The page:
NOTES AND QUERIES. [io s. xn. NOV. 27,
(d) Gregorius de la Dune held land of Baron William de Wyndsore in Cupton, Surrey, temp. Henry III. Ed. I.
Wareborne Manor, Kent, held by Ansfrid de Dene temp. King John, was held by Hugh de Windsor in the reign of Edward II.
That there was a connexion of some sort between the Dennys and the Windsors seems to be unquestionable. What that connexion may have been it is impossible to say without more evidence. It is scarcely likely that, at a period when comparatively few persons were armigerous, and men were exceedingly jealous for their family coats, the Windsors would have permitted the use of their arms by the Dennys unless the latter had some unquestionable claim to them.
It is possible that a Denny may have married a Windsor heiress, and that out of compliment to the distinction of her family their descendants placed her arms in the place of honour in the first quarter, and their paternal coat in the second. Or a Windsor may have married a de Dene heiress, and from her Manor of Dene their descendants may have been surnamed de Dene, Dene, and Denny. H. L. L. D.
COOPERS IN THE CITY IN 1440. I see that PROF. SKEAT (ante, p. 372) calls attention to cooper as being a variant of coper, a chapman. It may interest him to know that in a petition made to the Mayor and Aldermen of the City in 1440 by the Coopers of London, for formal recognition of certain ordinances, they are styled not only " Coupers " and " Cow- pers," but also " Copers ll (Letter-Book K, fo. 185b). REGINALD R. SHARPS.
ST. ANDREW'S DAY AND THE SASSENACH. The subjoined cutting from a Northern local newspaper of some twenty-five years ago is, I think, too good to be lost :
THE SASSENACH AT ST. ANDREW'S DINNER.
Scots wha hae wi' Andrew fed !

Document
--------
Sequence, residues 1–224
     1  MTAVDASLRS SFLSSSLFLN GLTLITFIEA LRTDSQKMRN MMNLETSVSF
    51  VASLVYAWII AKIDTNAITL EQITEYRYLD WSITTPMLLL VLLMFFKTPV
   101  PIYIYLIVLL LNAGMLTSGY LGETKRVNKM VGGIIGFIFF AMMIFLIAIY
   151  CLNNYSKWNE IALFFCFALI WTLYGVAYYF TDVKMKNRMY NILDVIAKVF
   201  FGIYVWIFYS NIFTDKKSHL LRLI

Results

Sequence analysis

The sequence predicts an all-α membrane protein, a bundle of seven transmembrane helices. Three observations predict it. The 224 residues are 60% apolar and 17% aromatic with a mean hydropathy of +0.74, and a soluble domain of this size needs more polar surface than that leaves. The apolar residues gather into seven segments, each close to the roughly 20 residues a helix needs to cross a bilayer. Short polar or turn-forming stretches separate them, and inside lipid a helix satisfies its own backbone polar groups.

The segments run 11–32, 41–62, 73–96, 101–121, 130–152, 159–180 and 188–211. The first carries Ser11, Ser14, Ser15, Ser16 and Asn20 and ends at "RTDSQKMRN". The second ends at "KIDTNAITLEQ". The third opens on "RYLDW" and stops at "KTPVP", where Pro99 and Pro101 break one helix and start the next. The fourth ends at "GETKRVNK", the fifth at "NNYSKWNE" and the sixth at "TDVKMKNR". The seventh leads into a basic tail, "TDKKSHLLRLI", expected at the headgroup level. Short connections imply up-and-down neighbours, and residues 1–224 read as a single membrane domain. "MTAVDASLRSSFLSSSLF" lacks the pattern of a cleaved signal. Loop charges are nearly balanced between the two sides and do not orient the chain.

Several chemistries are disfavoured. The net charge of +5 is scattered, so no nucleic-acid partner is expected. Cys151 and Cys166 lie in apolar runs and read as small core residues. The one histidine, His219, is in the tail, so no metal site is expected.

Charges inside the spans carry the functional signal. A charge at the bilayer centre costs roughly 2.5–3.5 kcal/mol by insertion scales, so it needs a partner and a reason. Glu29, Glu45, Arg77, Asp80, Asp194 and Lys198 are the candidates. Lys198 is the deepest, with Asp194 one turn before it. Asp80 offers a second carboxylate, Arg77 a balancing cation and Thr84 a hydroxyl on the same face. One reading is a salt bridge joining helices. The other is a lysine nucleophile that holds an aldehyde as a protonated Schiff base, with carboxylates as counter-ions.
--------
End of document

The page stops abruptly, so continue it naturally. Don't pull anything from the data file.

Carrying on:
Scots for wham the [thae] paitricks bled !
Hoo was ye when ye gaed to bed ?
A wee drap in your e'e. See the tatties and bashed neeps ! See thae singit heids o' sheep ! <I wow it gars the flesh ta creep
O' a southron loon like me.) Diana' the haggis mak' ye burn ? Aw puddins else I ken ye spurn (I wow it gars my wame to turn
Losh man ! the doo tairt 's unco' fine, The Bubbly Jocks aw in a line, An' Athol brose as weel as wine .. ^ An' honest barley bree.
Fill [up] your wames, blaw oot your cheeks I Set free the wesban's o' your breeks ! (I ken I '11 no' be weel for weeks, I think I'll turn an' flee.)
This usquebae aye maks me queer, The speeches gran' I canna hear, I think I 'm drappin' aff my cheer .
Hech ! whaur 's the tippenee ? Before I 'm fou I '11 end my sang, May aw your lives be unco' lang ! Ye 're the brawest chiels I 've been amang
Although ye 've pizzened me.
We greet ta say oor frien' is deid, He couldna' stan' oor haggis feed. Lord, keep us aw this side o' Tweed,
Par fra' oor ain countree. G. L.
I regret that I have not got a copy of the " menu " to which it refers, but, as "may be supposed, it was written in the " braidest Scots. n H. G. P.
THE NORTH POLE. - It is somewhat curious to observe that all our journalists, Punch included, connect the Pole with the ordinary E. pole, a stake, an upright rod, with which it has nothing whatever to do. None of them seems to be aware that it really represents the Gk. vroAo?, a pivot, a turning - point, from vreAeti', to be in motion. As this Gk. a- here represents an original Q, the true connexion is, not with L. pdlus, a stake, but with L. col-us, a distaff. And it is a singular fact that the same root QWEL is the origin of words so dis- similar to pole as wheel and cycle; and even of calash ir. the sense of a kind of carriage. WALTER W. SKEAT.
MEDIEVAL BODY FOUND AT STAMFORD. The subjoined paragraph appeared in The Daily News of S October, under the heading of ' A Priest, not " The Maid " : Interesting Stamford Story Untrue ' :
" The result of the Home Secretary's order for the exhumation and reinterment of the body found in a leaden coffin at Stamford disposes of the story connecting the ' Fair Maid of Kent ' with the discovery.
" Six layers of cere-cloth having been removed, the body of a bearded male person in a wonderful state of preservation was revealed. Documentary evidence found with the corpse (says a Press agency) indicates that the remains are those of John Staunford, a priest, who, 500 years ago, was authorised by a bull of Pope Boniface IX. to choose a confessor to grant him full remission of all his sins.
" The Star correspondent states that in the coffin there was a Papal indulgence of the 14th century, a record of the issue of which has since been found at the Vatican.
" Yesterday the body was reinterred by the Black Friars."
It is to be hoped that, in place of reinter- ment with the corpse, the document found